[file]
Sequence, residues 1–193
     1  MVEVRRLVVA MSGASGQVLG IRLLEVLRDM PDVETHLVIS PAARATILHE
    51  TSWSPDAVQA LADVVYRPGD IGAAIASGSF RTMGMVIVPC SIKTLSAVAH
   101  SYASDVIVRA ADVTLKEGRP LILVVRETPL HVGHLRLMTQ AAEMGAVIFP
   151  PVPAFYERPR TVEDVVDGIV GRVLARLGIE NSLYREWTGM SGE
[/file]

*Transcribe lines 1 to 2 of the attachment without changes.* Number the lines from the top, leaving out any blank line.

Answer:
Sequence, residues 1–193
     1  MVEVRRLVVA MSGASGQVLG IRLLEVLRDM PDVETHLVIS PAARATILHE